The Right Home for Your Retirement

Photo courtesy of Stiltz USA

Everyone’s vision of retirement is unique, making the determination of the right home for you a significant and personal challenge. For couples, it is often compounded by differing values, leading to significant compromises. I’m often reminded of the old 1960’s show “Green Acres” when couples talk to me about their preferences. It’s rare that couples share identical values, and so it’s important to have a Plan A, B and C to keep the best options open. Aging in Place is the common choice, but there’s a lot more to it that declaring it as an aspiration.

If you’ve been doing some reading on the topic, you’ll see a common theme indicating that “community” is usually the top priority, both for emotion and practical reasons. Community makes sense for several reasons, and brings many aspects into play. Let’s break community down into a few key elements.

Location: The real estate adage holds true for your retirement home as well, but in a differing slant. Isolation is a major threat to any retirement plan, so despite how long you may have dreamt of an exotic, secluded beach setting, cutting yourself off from basic support services is likely to be an unwise option. Similarly, country settings can hold strong appeal, but eventually vulnerability creeps in and a thirty-minute drive to medical assistance looks more and more concerning. Most discover that vacation properties are best kept for just that, vacations. They can be great winter getaways, but they become challenging solutions in later years as friends pass and family is nowhere close.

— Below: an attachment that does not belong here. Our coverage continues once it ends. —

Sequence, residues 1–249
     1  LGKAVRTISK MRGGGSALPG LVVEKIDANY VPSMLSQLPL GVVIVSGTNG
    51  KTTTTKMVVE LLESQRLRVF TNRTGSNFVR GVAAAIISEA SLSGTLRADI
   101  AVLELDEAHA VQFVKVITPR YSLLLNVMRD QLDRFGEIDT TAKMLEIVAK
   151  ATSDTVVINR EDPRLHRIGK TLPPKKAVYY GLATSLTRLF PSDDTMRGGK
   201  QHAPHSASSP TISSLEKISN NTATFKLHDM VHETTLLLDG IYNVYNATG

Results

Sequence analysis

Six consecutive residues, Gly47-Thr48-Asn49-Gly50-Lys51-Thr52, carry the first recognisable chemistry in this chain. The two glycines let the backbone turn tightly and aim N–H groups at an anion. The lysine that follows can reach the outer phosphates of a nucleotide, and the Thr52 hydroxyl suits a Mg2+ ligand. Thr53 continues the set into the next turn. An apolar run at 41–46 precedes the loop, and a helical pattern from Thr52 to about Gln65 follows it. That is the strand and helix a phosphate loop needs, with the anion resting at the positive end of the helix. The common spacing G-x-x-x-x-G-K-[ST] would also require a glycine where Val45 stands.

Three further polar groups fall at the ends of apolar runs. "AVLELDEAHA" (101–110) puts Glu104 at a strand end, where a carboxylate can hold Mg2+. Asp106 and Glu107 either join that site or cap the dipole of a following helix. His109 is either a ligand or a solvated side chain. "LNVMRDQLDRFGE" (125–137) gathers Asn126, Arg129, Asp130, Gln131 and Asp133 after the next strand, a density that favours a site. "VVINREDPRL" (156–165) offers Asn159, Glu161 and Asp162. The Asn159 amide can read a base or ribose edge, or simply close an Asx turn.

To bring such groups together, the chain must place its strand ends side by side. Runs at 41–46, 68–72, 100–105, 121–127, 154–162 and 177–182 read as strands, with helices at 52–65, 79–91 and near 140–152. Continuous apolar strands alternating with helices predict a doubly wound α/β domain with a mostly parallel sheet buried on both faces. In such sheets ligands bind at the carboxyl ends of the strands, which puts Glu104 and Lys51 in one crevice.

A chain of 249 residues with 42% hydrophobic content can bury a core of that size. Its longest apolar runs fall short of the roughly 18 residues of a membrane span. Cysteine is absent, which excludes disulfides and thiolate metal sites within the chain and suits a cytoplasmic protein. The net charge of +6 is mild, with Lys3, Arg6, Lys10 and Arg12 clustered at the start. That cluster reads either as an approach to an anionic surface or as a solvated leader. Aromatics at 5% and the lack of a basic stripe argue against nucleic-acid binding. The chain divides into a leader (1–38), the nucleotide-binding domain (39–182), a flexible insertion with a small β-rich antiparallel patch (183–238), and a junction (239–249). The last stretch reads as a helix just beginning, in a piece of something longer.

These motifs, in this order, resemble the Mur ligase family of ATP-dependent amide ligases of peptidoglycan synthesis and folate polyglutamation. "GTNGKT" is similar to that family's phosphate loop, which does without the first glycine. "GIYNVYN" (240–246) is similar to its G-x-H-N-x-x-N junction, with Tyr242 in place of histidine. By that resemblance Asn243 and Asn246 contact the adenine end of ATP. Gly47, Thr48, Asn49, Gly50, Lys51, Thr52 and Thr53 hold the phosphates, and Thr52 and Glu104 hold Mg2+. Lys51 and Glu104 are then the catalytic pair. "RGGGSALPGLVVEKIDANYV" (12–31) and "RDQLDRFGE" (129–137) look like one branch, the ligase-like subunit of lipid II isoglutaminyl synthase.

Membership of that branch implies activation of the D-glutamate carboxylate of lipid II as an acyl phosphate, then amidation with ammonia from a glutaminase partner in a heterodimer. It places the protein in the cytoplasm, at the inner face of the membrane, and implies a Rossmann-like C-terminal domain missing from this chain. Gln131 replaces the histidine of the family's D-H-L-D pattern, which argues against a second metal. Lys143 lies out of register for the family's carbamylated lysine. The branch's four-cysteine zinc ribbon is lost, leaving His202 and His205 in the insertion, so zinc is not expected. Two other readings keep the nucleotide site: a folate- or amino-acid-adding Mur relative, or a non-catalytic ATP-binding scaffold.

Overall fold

Family: For most of us it will be family that we will look to lean on in our later years. It’s one of the rewards of family, even for those that have experienced their share of challenges. Choosing to be in the same proximity offers them a chance to participate and support you on an ongoing, as-needed basis in later years. If they must take time off work to travel to be with you, then no matter how much they’d want to help, this sets a significant barrier to their ability to be there for you in later years. It is in these very times that old wounds can heal and relationships can find lost meaning.